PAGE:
On the economic front, trade has picked up and Israel recently agreed to supply Jordan with natural gas in a deal estimated at $15 billion, although Jordanian businessmen say a lack of progress on peace between Israel and the Palestinians has held back commercial ties.
"Jordan wants its relationship with Israel, it just doesn't want to talk about its relationship with Israel," is how one Israeli diplomat put it.
Jordanian officials were not immediately available for comment. They often express strident criticism of Israel, citing the high civilian death toll during the war against Hamas in Gaza as an example of action they say fuels the very extremism the Israeli government fears.
"If we as a Jordanian state in cooperation with an Arab and Islamic coalition are fighting extremism within Islam, and the Israelis are killing our people in Gaza and Jerusalem every five minutes, then this is a problem," King Abdullah said on Monday.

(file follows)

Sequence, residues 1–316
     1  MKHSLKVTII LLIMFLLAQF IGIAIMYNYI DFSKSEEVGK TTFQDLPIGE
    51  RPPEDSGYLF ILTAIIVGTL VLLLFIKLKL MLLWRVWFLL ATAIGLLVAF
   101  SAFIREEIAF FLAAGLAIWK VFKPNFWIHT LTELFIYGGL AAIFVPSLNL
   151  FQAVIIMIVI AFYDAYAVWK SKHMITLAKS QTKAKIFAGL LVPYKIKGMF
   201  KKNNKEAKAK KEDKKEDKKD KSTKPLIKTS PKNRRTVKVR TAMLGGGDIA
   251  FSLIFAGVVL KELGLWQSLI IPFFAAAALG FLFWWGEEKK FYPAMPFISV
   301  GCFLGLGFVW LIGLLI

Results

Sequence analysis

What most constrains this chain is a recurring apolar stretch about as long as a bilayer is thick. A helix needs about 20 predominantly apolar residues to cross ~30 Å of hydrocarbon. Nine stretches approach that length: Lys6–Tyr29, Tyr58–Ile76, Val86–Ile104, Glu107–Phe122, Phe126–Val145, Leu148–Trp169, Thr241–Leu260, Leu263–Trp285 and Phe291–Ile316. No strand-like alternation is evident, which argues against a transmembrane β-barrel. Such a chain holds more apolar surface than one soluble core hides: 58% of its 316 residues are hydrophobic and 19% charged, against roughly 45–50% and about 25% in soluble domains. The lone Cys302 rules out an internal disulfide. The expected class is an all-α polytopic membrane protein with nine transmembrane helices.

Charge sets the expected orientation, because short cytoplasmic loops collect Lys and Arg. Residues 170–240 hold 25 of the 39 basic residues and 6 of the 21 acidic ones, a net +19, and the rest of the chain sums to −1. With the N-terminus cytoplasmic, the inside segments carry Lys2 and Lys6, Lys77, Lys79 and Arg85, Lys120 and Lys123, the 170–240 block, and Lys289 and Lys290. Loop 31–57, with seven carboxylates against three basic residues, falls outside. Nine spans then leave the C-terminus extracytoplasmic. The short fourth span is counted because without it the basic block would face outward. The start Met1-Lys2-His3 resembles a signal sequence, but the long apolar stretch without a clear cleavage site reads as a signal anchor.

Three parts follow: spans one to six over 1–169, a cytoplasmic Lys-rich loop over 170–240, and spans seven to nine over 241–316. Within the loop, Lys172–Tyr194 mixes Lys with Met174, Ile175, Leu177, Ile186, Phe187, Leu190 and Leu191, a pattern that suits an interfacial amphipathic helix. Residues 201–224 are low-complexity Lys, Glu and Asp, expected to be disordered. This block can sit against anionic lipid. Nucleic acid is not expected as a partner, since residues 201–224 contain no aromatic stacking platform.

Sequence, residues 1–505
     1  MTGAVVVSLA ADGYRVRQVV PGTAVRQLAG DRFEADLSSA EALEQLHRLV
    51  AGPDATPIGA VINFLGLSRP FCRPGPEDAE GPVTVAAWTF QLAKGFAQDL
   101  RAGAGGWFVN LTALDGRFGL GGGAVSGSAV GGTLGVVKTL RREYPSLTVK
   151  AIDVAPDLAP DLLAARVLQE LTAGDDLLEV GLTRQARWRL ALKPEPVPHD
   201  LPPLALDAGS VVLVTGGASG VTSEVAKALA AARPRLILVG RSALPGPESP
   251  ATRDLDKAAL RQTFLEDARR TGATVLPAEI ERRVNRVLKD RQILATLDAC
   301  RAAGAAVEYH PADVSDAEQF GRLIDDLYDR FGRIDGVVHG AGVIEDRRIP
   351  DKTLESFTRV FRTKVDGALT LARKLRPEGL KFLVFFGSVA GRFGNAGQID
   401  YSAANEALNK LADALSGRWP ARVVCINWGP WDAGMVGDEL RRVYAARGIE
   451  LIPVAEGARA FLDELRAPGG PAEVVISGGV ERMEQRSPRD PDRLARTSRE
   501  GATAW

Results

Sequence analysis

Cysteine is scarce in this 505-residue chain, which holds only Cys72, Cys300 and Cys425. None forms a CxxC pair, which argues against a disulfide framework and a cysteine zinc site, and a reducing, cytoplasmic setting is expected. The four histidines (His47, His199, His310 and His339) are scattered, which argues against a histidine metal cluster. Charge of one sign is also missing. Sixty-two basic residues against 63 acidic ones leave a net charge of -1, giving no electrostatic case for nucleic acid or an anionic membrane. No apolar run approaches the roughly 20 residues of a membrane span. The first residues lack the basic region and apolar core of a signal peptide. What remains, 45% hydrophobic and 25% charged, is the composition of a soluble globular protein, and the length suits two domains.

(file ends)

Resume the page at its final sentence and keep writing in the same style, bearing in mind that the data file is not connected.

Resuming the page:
Israel says it shares intelligence it gathers on militant activity in southern Syria with Jordan and that there is close monitoring of Islamist factions in both Jordan and the West Bank to ensure coordination and that neither side is surprised.
"It is a very important relationship for Israel," said Nathan Thrall, a Middle East analyst with the International Crisis Group. "It's keeping Israel safe on its eastern border, there is very intense intelligence cooperation and Jordan has probably the best intelligence service in the region."
A U.S. general has even proposed that Israel upgrade its anti-missile systems to include Jordan under its umbrella, while there are reports of Israel quietly transferring military equipment it no longer uses to its neighbor.